Jamma has been working together with Ten for Zen’s founders to develop a programme plan of new resources to provide free, easy-to-access information to help people across the UK live a more mindful life. Jamma’s mission is to develop a Life Skills programme and to ensure that these skills can be part of anyone’s daily self-care, building resilience and improving mental health and wellbeing.

In partnership with Ten for Zen we have built a plan to deliver an extensive array of tools to enable anyone, anywhere to experience the positive benefits of understanding how your mind works.
People

Ten for Zen

African Parks is a non-profit conservation organisation that manages 19 national parks and protected areas covering over 14.2 million hectares in Angola, Benin, Central African Republic, Chad, the Democratic Republic of Congo, Malawi, Mozambique, the Republic of Congo, Rwanda, Zambia and Zimbabwe.

Jamma International is proud to be supporting African Parks with their sustainable approach to wildlife conservation, economic development and poverty alleviation to ensure that each park is ecologically, socially, and financially sustainable in the long-term.
Planet

African Parks

JAMMA INTERNATIONAL

Interested in finding out more about our values, projects and processes?

Please fill out the interactive form below.

Contact us

linkedin-sales-solutions-EI50ZDA-l8Y-unsplash

Jamma new role: Open for Application

Jamma International is recruiting for an exciting new role of Project Development and Optimization Manager.
This role will support and optimize existing projects and help to evaluate and establish new opportunities in Southern Africa.

jordan-whitfield-pJaBWy2WWFc-unsplash

Greenpeace

Greenpeace

GREENPEACE

Greenpeace is a movement of people passionate about achieving their vision of a greener, healthier planet. By lobbying, campaigning, and educating the public, Greenpeace helps enact real change on a global scale.

1090X1080

JAMMA INTERNATIONAL

Our
Approach

Jamma fully supports the Greenpeace mission to promote change that will create a healthier planet for future generations. Our funding is supporting Greenpeace’s ‘Protect the Oceans’ campaign, which is dedicated to addressing the significant threats facing our oceans, including climate change, overfishing, plastic pollution, and mining.

The Global Ocean Treaty, currently in negotiation at the United Nations, has the potential to create ocean sanctuaries that will protect at least 30% of our seas by 2030. Greenpeace is helping to bolster the positions of world leaders championing for the Global Ocean Treaty, as well as engaging potential new champions. A global network of ocean sanctuaries is a crucial step in protecting large parts of the ocean from destructive industries, especially in largely unregulated international waters.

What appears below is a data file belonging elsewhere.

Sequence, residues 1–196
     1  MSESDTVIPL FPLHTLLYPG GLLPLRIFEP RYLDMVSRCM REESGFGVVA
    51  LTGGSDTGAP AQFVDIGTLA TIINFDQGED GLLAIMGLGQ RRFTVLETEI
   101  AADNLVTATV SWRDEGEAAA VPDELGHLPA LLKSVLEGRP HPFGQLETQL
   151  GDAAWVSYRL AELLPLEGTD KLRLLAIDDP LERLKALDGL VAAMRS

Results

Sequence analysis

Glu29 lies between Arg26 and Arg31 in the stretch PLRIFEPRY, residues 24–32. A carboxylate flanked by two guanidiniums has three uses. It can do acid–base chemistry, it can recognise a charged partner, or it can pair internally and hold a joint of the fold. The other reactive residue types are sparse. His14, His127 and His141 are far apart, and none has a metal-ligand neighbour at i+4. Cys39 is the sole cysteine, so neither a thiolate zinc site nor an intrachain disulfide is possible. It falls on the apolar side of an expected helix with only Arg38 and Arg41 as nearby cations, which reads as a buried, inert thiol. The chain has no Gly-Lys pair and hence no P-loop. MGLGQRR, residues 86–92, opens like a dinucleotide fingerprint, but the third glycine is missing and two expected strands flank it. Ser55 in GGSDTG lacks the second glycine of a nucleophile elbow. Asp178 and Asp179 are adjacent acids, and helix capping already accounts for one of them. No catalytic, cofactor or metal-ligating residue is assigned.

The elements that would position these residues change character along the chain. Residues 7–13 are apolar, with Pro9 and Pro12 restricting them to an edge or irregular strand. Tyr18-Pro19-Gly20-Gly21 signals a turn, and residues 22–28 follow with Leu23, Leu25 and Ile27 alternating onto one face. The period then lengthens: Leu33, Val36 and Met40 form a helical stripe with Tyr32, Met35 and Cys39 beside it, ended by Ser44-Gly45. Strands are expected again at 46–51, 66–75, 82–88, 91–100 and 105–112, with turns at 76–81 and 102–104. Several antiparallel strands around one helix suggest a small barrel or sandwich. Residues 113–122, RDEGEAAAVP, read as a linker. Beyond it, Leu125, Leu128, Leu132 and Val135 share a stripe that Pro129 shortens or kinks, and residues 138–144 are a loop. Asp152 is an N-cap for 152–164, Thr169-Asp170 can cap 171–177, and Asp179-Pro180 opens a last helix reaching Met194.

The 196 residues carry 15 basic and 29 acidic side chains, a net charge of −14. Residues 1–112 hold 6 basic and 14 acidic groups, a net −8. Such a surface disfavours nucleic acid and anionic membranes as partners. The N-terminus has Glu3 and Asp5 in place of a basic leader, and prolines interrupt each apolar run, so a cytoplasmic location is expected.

Giving a voice to communities fighting for ocean protection.

Greenpeace endeavours to expose the actions of those damaging the ocean and champion science-backed solutions. Destructive fishing techniques are responsible for extensive damage to marine ecosystems and wildlife. A proposal from some world leaders to exclude fisheries from the Global Ocean Treaty threatens to maintain a status quo that is unsustainable in the long term.

“Our mission is to promote radical changes and new solutions to the ways we live on this planet so that we can all call it home for generations to come.”

“Protecting these natural wonders is simply the right thing to do. But this isn’t just about conscience. It’s about survival.” Greenpeace International

The Khomani San are one of the last remaining groups of the indigenous people of South Africa. Jamma works with this neglected community to run their own primary school preparing the children for life in the nearest state school while ensuring that traditional knowledge and skills are transferred to the younger generations, enabling the San way of life to continue to develop.
People
Planet

Khomani San School

Elephants Alive has been studying and researching African elephant populations since 2003, and delivers research solutions, advocacy and education to promote harmonious coexistence between elephants and people.

Jamma wholeheartedly supports this committed non-profit organisation in its goal to develop and grow our understanding of elephant ecology. Their important research contributes towards the long-term survival of the African elephant and thereby maintaining the vital biodiversity of large parts of rural Africa.
Planet

Elephants Alive

JAMMA INTERNATIONAL

Interested in finding out more about our values, projects and processes?

Please fill out the interactive form below.

Contact us